An engaging seminar at the Daiwa Foundation on 3/6/14, allowed games experts and enthusiasts James Newman and Iain Simons to treat us to an entertaining and thought provoking romp through the history of videogames. Their relaxed style kept our attention for around 90 minutes, which still wasn’t really enough time to cover all aspects of the questions ‘are videogames a part of cultural heritage, and if so, should they be preserved?’
The intuitive answer would seem to be ‘yes, of course’, but it is interesting to consider some of the evidence for why. A slide of Super Mario (1985) and Sonic the Hedgehog (1991) instantly transported many of the audience back in time; game imagery has the ability to evoke strong memories of place, music and feelings, perhaps akin to the power of smell. We could then, consider the preservation of out-dated games purely for nostalgia, but historic games also offer us a record of technology at a given point in time, an insight into what was considered a ‘game’ from a socio-cultural perspective, and material from which to predict future trends.
Irrespective of the reasons for preserving the games, there are problems with this. There is no legal deposit in the UK for videogames, and thus no systematic policy or funding (one consideration is that an archiving initiative should come from the industry rather than the state). Games archives require space for the accompanying technological platforms, which demand an increasing amount of conservation to combat the unavoidable decay (bitrot), as plastics become brittle and powdery, and circuit boards return, like all of us, to dust. Rewriting games into the current age so that they function on modern technology is a plausible solution, but not one appreciated by either games lovers or historians, as the authenticity experience of playing the game is lost.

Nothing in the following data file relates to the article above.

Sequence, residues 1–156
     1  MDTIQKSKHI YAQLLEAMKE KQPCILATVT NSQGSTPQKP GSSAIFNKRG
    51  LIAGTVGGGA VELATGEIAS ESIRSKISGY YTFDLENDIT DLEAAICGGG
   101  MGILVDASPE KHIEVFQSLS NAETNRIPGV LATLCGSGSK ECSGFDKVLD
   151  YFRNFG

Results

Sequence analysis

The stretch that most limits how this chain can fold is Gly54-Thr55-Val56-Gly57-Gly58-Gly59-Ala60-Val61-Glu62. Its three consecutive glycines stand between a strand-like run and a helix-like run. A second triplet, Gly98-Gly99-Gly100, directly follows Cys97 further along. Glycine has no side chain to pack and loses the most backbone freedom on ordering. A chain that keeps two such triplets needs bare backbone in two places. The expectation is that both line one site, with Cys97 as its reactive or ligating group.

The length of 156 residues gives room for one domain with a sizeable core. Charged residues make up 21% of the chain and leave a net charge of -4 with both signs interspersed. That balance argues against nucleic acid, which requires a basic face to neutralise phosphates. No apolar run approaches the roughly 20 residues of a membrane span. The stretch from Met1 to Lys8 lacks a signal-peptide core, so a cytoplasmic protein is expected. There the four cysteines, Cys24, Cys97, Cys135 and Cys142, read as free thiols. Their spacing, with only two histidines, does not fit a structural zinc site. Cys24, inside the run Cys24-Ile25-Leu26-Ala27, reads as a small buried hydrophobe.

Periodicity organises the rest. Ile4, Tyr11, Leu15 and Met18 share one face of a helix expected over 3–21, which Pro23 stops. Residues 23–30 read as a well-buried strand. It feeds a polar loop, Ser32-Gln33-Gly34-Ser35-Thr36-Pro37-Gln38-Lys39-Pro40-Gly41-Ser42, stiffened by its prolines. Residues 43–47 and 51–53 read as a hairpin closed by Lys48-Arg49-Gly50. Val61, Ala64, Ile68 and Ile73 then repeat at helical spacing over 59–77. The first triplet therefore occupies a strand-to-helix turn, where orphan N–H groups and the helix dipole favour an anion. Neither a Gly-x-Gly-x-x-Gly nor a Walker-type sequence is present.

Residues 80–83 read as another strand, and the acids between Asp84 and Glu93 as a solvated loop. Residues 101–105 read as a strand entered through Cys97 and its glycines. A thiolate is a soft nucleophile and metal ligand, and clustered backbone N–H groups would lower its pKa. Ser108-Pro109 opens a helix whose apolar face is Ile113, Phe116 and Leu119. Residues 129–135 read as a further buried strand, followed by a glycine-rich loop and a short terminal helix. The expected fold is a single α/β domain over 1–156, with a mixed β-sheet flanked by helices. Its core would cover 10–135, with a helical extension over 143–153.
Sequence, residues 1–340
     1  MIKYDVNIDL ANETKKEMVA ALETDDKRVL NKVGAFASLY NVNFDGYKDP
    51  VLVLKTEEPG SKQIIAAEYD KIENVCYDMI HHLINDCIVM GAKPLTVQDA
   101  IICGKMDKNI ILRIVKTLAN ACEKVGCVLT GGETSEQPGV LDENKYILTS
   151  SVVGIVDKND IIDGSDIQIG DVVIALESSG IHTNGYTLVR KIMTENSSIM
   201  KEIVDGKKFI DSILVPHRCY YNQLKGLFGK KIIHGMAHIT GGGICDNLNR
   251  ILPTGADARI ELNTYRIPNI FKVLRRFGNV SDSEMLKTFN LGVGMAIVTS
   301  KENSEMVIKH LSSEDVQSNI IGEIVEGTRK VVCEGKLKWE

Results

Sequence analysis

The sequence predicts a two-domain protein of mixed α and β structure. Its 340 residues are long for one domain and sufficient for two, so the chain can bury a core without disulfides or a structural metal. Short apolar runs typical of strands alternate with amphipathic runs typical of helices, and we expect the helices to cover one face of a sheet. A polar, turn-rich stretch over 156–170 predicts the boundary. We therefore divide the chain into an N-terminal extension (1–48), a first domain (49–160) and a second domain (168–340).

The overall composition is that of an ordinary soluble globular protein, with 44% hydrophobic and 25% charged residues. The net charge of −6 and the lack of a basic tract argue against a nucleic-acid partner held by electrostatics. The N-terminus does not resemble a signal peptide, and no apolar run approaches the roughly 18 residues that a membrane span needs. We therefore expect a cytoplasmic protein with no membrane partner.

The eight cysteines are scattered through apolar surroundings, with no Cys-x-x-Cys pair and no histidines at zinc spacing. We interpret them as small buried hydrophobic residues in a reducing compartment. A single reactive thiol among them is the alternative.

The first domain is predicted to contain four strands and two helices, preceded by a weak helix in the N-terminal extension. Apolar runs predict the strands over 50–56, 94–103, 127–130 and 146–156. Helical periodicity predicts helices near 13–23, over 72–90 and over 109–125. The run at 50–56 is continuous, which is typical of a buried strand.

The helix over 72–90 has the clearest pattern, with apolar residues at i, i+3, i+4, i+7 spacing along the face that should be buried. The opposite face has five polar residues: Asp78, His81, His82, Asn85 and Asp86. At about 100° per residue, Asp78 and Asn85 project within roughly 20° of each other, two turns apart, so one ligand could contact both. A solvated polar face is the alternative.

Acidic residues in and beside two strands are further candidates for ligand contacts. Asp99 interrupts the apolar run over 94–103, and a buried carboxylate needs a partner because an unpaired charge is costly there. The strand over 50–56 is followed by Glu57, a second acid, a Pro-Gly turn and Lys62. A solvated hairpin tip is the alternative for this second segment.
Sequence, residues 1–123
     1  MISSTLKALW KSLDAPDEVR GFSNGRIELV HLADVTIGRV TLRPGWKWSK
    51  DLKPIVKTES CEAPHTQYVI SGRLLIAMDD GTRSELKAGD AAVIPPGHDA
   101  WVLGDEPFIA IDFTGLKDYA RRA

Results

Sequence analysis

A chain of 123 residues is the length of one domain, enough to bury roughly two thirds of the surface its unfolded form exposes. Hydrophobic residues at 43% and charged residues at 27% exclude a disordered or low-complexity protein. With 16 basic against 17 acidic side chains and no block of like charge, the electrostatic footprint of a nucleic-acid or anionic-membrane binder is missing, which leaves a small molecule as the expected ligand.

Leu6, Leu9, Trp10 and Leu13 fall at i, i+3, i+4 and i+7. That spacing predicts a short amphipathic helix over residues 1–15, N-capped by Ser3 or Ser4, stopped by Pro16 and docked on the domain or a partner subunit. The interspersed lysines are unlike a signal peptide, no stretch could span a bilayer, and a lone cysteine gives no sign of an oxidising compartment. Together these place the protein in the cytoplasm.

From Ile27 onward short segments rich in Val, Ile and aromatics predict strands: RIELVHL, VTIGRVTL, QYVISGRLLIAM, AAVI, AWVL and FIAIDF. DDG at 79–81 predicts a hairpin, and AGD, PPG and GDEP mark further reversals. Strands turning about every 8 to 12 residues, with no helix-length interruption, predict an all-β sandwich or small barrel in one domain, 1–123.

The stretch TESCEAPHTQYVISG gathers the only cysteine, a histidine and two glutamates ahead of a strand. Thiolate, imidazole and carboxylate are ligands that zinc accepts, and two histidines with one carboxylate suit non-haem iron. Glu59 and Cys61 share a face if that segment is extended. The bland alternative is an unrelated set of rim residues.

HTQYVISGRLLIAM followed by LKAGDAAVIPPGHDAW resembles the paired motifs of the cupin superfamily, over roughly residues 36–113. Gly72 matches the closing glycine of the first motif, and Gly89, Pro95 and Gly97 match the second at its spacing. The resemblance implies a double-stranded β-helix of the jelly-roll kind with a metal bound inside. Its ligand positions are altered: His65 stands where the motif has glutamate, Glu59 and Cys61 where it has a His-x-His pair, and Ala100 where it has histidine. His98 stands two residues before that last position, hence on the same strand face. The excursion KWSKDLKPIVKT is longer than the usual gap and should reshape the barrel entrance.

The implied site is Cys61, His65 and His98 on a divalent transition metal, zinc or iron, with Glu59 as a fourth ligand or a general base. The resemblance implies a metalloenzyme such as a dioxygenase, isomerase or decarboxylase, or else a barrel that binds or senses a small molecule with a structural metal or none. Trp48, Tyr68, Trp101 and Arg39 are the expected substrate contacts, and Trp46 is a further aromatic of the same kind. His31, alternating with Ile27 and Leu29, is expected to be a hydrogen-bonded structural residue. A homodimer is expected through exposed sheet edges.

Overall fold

Our speakers were both involved in setting up the National Videogame Archive, within the National Media Museum at Bradford.
A comparison of the videogames industry in the UK with that in Japan, showed us that serious game playing is very serious in Japan. Here, even the range of literature found in bookstores is wider than that found in the UK. Pictures from a six storey games emporium in Tokyo convinced us that historic games are fantastically popular, although interestingly, the players of archaic games were from the same youngish demographic as those of up-to-the-minute productions. The profitability of this type of venture clearly works out despite the outlay for space and maintenance.
I was left with the thought that games *are* part of our cultural heritage, and something very much worth preserving. From the perspective of library and information science, games can be regarded as documents; they can be studied from a variety of angles, in the same way books can within the context of ‘book history’.
Worth further thought is whether we are preserving the physical game alone, so that future players can have a go in a different time, or whether we are including the preservation of the experience of a player at a given moment. Watching a video clip of expert players in Japan, it was evident that understanding how it feels to play is a compelling quest, likewise we could explore the symbiotic movements of two or more people playing the same game. There is though, the question of how to record the feelings of the players, and what sort of measures we use to interpret any meaning to the record.
If we consider that future documents will embrace immersive, multisensory and participative experiences, then videogames are undoubtedly of concern to those of us within LIS. Serious leisure people, it has to be done.